On the 1971 FJ40 there are two horns, one mounted to each apron.
There is a low tone horn and a high tone horn. The low pitched horn is on the
drivers side, the high on the passengers side. There is a raised L or H cast
into the bottom front of the top aluminum cover to tell you which is which.
See Fig. 1.
On the previous page I got the horns working electrically but
wanted to spruce them up a bit. Upon inspection I realized the bottom of the
horn was a steel shell (rusted) and the top was aluminum painted black. I started
by disassembling the horn.
Start by removing the 23 mm nut that holds the ground strap
on. A 15/16 socket will work. The solenoid stud may turn out also. See Fig.
3. Next remove the 6 small 4mm phillips screws holding
the horn halves together. Use your JIS screwdrivers for this or plan on replacing
the screws! Separate the halves. See Fig. 4. Separate
the sound plate from the upper horn half. See Fig. 5.
You will notice there are paper gaskets between these parts. These gaskets are
not available from any source so you will have to make your own. I provided
a template below. Make sure to replace BOTH gaskets! They also act as electrical
insulators for the diaphram!
Remove Ground Strap
Remove Screws to separate halves
Remove metal diaphram from top
Referring to Fig. 3, remove the
screw holding the +12V connector insulator in place. Unsolder the wire from
the solenoid coil to this connector. If you remove the tone adjuster (point
gap) nut and screw make sure to note how many threads are showing so you can
put it back the same way! Remove the screws holding the coil and armature in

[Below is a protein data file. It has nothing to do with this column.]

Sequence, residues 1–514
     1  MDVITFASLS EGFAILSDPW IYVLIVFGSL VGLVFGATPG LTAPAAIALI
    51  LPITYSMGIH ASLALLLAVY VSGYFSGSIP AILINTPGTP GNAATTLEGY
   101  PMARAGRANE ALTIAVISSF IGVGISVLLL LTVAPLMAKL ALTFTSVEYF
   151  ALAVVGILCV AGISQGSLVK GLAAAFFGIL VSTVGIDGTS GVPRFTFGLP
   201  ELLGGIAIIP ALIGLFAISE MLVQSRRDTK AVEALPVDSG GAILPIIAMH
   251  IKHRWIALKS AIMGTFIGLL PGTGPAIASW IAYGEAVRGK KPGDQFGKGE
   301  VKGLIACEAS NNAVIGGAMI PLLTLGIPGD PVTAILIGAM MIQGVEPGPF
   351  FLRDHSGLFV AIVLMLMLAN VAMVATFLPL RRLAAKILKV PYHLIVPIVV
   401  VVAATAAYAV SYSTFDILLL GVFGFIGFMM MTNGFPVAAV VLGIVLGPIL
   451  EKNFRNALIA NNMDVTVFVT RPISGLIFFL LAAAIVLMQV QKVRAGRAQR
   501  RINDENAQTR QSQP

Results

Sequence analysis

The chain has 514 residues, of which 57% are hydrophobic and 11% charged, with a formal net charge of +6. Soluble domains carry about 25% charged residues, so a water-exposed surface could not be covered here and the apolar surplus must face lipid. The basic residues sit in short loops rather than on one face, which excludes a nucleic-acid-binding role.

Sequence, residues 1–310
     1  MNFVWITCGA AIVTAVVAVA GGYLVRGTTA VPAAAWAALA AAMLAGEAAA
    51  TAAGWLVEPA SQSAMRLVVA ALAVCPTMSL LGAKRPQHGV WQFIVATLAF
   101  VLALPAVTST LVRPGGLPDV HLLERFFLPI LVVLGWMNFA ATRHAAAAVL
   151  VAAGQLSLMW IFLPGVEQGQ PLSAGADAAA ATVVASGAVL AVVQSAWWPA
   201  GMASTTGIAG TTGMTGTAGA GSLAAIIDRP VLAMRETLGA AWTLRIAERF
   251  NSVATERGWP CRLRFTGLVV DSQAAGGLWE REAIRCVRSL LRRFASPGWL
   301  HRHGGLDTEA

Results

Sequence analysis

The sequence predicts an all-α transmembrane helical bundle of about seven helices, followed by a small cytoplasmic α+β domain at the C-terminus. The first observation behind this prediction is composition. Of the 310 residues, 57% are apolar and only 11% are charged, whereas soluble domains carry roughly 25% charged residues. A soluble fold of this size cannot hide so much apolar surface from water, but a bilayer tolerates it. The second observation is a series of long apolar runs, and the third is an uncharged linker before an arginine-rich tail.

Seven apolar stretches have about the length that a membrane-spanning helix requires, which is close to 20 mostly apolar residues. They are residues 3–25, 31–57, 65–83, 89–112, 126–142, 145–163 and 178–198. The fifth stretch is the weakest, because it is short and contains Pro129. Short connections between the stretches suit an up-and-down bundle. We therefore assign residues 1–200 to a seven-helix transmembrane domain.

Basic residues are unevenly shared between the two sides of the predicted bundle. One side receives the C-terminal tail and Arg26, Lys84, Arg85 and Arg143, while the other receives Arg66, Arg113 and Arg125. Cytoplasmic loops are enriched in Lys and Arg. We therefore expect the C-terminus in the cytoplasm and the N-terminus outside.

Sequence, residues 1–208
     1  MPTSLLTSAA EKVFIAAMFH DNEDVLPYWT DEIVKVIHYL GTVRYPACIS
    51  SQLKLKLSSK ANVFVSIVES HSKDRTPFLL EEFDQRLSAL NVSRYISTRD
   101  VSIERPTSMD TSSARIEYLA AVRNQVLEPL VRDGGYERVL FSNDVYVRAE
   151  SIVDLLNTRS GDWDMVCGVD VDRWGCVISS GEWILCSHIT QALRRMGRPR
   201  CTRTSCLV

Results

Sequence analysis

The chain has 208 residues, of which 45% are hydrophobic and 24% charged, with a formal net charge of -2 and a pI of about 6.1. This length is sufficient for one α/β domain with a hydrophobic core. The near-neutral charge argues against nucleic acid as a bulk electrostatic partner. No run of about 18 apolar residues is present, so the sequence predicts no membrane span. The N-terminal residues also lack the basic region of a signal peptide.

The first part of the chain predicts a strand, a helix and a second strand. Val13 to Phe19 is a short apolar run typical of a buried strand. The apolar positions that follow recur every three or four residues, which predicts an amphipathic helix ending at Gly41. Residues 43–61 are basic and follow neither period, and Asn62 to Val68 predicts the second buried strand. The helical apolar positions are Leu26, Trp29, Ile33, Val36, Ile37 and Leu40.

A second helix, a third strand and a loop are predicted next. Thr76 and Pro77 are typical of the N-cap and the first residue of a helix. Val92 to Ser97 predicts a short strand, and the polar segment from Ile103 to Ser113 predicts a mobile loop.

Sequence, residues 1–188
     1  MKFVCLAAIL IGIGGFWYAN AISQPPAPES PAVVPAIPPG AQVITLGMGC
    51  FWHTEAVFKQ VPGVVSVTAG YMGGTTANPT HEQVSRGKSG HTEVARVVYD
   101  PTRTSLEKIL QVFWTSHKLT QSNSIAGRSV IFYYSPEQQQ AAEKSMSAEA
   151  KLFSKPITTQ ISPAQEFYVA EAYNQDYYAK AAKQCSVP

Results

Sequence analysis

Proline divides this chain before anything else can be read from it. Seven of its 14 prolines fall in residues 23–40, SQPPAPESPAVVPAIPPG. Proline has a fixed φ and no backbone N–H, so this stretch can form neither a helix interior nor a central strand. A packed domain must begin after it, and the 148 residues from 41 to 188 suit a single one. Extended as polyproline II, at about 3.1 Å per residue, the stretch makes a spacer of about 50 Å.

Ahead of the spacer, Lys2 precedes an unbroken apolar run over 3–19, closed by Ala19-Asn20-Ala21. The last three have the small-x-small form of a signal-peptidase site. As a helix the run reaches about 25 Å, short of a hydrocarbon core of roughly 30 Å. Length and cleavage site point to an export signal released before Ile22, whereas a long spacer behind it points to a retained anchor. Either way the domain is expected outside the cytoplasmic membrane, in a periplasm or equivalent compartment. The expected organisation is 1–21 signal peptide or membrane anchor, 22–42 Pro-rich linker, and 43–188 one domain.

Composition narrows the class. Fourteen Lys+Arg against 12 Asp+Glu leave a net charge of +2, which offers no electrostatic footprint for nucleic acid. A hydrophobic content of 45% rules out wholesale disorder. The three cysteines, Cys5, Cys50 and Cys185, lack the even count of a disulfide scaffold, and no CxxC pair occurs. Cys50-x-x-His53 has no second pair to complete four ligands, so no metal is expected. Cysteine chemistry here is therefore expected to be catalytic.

place. Watch how all the little small pieces come out... (Make sure to only
do one horn at a time. You want to use the other as a guide to putting this
one back together! ) See Fig. 6-7.
Electrical Parts In Order of Removal
How does the Horn actually Work?
Since we have it all the way apart lets look
at how it actually works. When you press the horn button you ground one side
of the horn relay. The other side of the relay is connected to +12V through
a fuse. The relay contacts are a simple switch. One side is connected to a fused
+12V circuit and the other to the connector on the horn. When the relay contacts
close current flows from the battery through the relay contacts to to the connector
in the horn. From there it flows into the solenoid coil then to ground through
the fixed upper and lower movable point contacts (Which are now closed) energizing
it. When a solenoid is energized it creates an intense magnetic field in it's
center. If you noticed when you took the horn apart the metal diaphram has a
metal stud that goes into the center of the solenoid coil. This stud is now
drawn into the coil further due to the magnetic field. As it moves further in
the diaphram edge contacts the edge of the lower movable point contact eventually
opening the points. The instant the points open, the current stops flowing through
the solenoid coil. This causes the magnetic field to collaspe allowing the stud
to move back up which closes the points again. The whole cycle repeats very
fast. This movement of the diaphram at high speed creates a series of sound
waves that are directed through a small opening in the aluminum top cover. This
hole leads into a spiral expanding cavity that allows the sound wave to expand
rapidly eventually exiting the horn.
At this point clean up the upper and lower shells and paint
or powder coat them. I powder coated the steel half with gloss black and the
upper aluminum half with Star Dust Silver. Use a 4mm x .075 tap to clean out
the threads of all screw holes then reassemble the parts using your other horn
or these pics as a guide. Before putting the points back together use a points
file to clean them up.
Use the template in Fig. 11 to
make 4 identical gaskets. Click on the image to enlarge it to full size. This
is a full size uncompressed image! Select print from your browser. Make sure
your printer is set to print 100% or 1 to 1. Print the image on the thickest
paper your printer will handle. Cut out with scissors then cut out the center.
Next make the holes with whatever you can. I used a set of gasket maker hole
punches from Harbor Freight. Apply a thin coat of RTV to both sides, let dry
for maybe 5 minutes or until no longer sticky then assemble. Use a bit of anti-sieze